Mike and I fished our usual two uptide rods each; I started with sandeel on one and herring on the other. We were fishing in close over the sand and targeting ray so it was no surprise when the first couple of Small-Eyes came up on the rods fishing the sandeel baits. The next half dozen ray came to the herring however, at which point I switched to fishing herring on both rods. Mike followed suit, and we had managed close to 20 fish in the first 2 hours – not bad fishing by anyone’s standards! To top things off, Mike pulled up not 1 but 2 small turbot. Adding to this, the complete lack of dogfish, who at this time of the year seem to go on holiday really marked this out as a red letter day!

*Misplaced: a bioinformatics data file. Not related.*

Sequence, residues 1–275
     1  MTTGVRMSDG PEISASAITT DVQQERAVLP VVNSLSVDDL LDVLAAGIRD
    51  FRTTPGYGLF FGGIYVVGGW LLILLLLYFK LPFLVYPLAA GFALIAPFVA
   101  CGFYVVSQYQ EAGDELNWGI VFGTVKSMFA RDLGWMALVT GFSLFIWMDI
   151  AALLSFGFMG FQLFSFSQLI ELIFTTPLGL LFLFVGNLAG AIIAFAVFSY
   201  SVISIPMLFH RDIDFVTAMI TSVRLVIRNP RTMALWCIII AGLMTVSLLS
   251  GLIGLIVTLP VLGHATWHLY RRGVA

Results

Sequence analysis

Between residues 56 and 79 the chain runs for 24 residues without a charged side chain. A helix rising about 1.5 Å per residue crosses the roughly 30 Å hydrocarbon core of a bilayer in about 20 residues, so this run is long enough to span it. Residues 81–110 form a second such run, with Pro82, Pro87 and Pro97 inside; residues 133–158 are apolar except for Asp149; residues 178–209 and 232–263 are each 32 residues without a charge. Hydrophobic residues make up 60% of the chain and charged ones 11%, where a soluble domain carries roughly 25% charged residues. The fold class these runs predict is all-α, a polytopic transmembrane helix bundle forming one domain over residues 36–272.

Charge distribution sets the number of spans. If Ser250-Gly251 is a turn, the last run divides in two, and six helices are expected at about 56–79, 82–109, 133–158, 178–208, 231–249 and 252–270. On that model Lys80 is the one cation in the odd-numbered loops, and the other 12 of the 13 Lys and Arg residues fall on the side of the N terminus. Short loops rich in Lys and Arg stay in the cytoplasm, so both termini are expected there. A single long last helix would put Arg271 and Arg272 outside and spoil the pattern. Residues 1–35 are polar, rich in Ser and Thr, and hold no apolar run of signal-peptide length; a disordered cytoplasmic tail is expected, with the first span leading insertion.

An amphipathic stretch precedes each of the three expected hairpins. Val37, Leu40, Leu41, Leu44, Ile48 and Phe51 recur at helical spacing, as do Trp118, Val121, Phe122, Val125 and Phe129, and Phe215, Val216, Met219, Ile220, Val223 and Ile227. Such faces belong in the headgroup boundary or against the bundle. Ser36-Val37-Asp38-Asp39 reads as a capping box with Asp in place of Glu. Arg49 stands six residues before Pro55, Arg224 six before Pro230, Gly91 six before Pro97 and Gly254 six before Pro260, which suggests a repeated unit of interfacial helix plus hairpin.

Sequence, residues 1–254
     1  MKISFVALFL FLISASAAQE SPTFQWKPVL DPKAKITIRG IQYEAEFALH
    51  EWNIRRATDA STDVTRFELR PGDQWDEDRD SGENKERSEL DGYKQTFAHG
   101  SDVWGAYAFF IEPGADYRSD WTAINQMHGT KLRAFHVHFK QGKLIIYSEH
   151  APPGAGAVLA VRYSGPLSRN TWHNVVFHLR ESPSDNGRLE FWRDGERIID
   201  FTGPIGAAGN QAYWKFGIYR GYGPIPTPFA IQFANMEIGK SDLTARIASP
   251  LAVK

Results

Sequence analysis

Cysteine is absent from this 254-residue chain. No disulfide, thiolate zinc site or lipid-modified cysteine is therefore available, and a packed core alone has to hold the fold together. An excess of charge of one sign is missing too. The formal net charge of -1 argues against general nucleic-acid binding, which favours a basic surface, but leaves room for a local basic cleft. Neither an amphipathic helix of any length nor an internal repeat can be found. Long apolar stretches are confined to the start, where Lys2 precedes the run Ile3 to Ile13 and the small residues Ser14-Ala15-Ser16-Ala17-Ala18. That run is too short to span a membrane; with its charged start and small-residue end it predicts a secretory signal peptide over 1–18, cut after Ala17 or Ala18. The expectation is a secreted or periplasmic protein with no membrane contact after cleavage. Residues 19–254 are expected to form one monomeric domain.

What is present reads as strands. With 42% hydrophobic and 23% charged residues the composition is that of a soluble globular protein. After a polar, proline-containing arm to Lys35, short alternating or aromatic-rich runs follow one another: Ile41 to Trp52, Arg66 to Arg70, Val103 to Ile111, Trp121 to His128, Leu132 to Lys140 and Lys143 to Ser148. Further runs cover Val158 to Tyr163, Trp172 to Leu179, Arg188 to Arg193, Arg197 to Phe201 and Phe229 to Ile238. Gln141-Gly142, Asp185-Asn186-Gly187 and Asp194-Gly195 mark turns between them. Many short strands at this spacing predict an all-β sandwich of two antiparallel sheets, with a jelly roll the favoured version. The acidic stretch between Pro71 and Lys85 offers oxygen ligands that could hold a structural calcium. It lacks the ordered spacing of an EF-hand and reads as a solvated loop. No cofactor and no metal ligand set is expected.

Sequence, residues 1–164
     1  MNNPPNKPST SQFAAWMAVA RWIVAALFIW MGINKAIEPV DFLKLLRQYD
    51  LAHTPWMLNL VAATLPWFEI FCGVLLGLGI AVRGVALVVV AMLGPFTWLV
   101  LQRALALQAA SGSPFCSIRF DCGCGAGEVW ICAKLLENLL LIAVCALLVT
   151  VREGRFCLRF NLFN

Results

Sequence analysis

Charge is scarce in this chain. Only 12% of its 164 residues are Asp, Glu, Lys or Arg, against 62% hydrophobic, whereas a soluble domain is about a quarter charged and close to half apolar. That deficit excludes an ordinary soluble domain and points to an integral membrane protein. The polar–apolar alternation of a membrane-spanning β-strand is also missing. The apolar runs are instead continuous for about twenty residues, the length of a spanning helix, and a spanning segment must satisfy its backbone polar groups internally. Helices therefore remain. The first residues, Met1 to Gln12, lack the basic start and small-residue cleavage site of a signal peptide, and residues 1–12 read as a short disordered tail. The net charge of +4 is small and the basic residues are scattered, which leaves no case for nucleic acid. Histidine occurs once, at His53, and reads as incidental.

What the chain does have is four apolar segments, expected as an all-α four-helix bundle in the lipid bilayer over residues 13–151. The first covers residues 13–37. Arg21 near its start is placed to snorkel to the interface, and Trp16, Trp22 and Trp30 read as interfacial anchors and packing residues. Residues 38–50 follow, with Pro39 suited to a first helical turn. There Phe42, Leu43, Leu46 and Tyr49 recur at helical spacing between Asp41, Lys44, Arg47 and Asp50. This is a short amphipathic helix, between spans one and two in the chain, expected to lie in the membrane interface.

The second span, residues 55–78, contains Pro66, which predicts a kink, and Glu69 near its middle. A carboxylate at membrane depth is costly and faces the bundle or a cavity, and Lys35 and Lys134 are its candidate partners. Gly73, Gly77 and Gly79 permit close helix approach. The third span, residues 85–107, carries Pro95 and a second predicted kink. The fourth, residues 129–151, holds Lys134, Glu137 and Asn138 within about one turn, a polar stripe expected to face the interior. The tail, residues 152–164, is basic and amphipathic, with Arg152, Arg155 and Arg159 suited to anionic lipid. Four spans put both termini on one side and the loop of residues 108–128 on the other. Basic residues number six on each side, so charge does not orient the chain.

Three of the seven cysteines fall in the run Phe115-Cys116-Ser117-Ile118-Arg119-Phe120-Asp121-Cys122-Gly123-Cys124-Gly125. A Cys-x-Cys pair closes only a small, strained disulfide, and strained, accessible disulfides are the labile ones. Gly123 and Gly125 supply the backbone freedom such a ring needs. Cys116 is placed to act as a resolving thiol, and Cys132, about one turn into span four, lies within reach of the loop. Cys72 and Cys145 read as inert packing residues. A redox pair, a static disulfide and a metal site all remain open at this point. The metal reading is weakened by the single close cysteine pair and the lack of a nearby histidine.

By the time the bites tailed off, the falling tide had left us with almost no water under the keel so a move out to deeper water was in order. There we fished a variety of baits, and proceeded to land our first couple of doggies of the trip and a few conger eels. I had a few Starry Smoothhounds on crab whilst Mike boated a beautifully marked Spotted Ray. The day’s only disappointment for my point of view was losing a good fish that put a serious bend in the rod as soon as I wound into it, before giving a couple of shakes of it’s head and proceeding to bite straight through my 80lb hook length.. Needless to say, but I didn’t hear the end of that mishap for the rest of the trip.